U.S. Department of Transportation
Federal Highway Administration
1200 New Jersey Avenue, SE
Washington, DC 20590
When highway agencies ask construction contractors to provide alternative technical concepts during a competitive procurement process, the result can be lower project costs, reduced risks, increased quality and accelerated schedules.
Using ATCs also encourages innovation and flexibility, advances new technologies and construction methods, fosters early contractor involvement in projects and promotes solutions that increase the value of projects to the public.
The Federal Highway Administration's free webinar series on ATCs covers benefits and challenges of implementing this contracting method and real-world examples of ATC use. The 90-minute sessions include time for the expert presenters to answer participants' questions.
A recording of the first webinar, Introduction to Alternative Technical Concepts, is now available.
ATC use saved money and reduced traffic impacts on Missouri's Hurricane Deck Bridge project.
(Photo courtesy: Missouri DOT)
The Arkansas State Highway and Transportation Department has selected 22 locations to apply high-friction surface treatments. FHWA worked with the Arkansas agency to identify high-crash locations to use the technology as a safety countermeasure. They include horizontal curves and intersections where the increase in pavement friction from the treatments will enhance vehicle braking. A research project will track the effectiveness of installing the treatments.
The new Madison-Milton Bridge connecting Madison, Ind., with Milton, Ky., via U.S. Highway 421 over the Ohio River is now open after a year of construction. The project used innovative construction methods—including accelerated bridge construction and design-build—that allowed the old bridge to remain open to traffic while the new bridge was built. The new 2,428-foot-long structure was slid laterally into position on the refurbished original piers, making it the longest bridge in North America to be slid laterally into place. Kentucky and Indiana officials talk about the project in a video.
The New Hampshire Department of Transportation hosted a local public agency certification workshop in Concord in April, the ninth since it started its local agency certification program in 2012. Workshop attendance is mandatory for New Hampshire municipal and consultant staff members who work on locally administered Federal-Aid Projects. More than 450 people have been certified so far. Workshop topics include requirements for developing and building Federal-Aid projects outlined in the New Hampshire DOT Local Public Agency Manual.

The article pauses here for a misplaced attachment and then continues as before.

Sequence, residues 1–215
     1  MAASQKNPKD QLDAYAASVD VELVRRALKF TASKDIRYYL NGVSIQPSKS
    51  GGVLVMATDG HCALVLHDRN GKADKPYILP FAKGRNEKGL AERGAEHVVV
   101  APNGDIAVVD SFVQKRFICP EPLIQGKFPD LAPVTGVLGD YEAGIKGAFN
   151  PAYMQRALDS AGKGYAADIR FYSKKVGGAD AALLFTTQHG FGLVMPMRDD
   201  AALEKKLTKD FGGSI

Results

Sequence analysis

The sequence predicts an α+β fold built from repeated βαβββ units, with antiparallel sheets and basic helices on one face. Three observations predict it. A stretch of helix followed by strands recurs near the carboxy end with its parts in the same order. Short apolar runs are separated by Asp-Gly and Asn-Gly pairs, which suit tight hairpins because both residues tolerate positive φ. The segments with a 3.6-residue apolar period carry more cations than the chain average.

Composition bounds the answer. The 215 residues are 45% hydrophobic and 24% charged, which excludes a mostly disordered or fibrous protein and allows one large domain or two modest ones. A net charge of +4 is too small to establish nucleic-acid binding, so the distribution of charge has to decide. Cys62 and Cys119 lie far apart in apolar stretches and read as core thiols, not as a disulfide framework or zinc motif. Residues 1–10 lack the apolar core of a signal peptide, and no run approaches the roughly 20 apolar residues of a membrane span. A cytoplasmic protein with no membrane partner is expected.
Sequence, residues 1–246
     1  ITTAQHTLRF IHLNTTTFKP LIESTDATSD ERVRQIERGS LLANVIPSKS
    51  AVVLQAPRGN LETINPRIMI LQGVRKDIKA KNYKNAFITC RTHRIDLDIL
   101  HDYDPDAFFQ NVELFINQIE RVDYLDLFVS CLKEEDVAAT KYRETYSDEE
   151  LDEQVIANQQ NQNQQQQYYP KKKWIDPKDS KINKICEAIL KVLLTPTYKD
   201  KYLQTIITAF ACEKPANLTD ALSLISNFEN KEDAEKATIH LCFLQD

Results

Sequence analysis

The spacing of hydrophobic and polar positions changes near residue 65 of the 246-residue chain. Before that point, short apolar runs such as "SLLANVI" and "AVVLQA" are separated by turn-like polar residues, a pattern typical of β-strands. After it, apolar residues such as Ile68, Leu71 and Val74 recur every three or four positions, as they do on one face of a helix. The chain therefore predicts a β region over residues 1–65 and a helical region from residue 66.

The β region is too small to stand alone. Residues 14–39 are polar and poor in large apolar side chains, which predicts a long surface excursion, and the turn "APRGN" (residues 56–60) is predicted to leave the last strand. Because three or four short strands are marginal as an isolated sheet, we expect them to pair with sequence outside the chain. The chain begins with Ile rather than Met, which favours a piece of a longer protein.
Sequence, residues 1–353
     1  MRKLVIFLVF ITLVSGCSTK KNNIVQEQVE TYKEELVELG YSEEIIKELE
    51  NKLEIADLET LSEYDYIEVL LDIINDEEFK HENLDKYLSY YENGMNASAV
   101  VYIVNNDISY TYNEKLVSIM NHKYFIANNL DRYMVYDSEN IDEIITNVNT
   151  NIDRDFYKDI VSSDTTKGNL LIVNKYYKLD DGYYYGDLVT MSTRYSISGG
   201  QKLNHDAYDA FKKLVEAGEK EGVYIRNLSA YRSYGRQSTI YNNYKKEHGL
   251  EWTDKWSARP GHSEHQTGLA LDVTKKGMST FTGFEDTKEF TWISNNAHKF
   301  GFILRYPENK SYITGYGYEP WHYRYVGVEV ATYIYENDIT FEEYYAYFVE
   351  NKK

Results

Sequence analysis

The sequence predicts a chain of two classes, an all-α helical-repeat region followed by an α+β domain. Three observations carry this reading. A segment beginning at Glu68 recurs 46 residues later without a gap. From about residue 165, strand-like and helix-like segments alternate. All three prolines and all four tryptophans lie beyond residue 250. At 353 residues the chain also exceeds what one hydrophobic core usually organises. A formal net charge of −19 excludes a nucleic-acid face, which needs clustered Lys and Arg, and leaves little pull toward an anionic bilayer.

The Ohio Department of Transportation, National Park Service, Ohio Department of Natural Resources and FHWA executed a programmatic agreement on April 14 for Federal-Aid highway projects impacting Section 6(f) resources under the Land and Water Conservation Act. The first of its kind nationally, the agreement establishes review time frames, delegates authority to the two state agencies when permissible and streamlines environmental review processes between the two federal agencies. That will save time and money for all four agencies as projects move through the Section 6(f) process.
The Oklahoma Department of Transportation demonstrated the application of high-friction surface treatments on two projects on State Highway 20 in Mayes County. Both locations had a history of crashes with and without fatalities. Because of the success of the demonstration projects, the Oklahoma DOT plans to move forward on implementing the technology on other projects and developing specifications for its use.
U.S. Transportation Secretary Anthony Foxx joined Tennessee officials at an April 15 media event in Nashville to discuss funding for infrastructure projects, such as a proposed I-40/I/65 project to rehabilitate bridges and resurface part of I-40 in the city's downtown area. The Tennessee Department of Transportation plans to use accelerated bridge construction and precast full-depth panels for quick demolition and reconstruction of the bridges. That would cut the impact of construction on road users from several months of road closures to a dozen weekend closures. The agency also plans to use the construction manager/general contractor delivery method to shorten the project timeline.
The Gila River Indian Community Department of Transportation has awarded its first construction manager/general contractor contract. Located near Phoenix, Ariz., the project will replace the Gila River Bridge on Route 7. The Gila River Indian Community received a second Strategic Highway Research Program award to use accelerated bridge construction on the project. The CM/GC, designer and Gila River Indian Community staff will convert the traditional bridge design to ABC to cut on-site construction and road closure time and improve bridge quality. The original design called for a 6-mile detour for six months, but using ABC methods will allow crews to replace the bridge in weeks.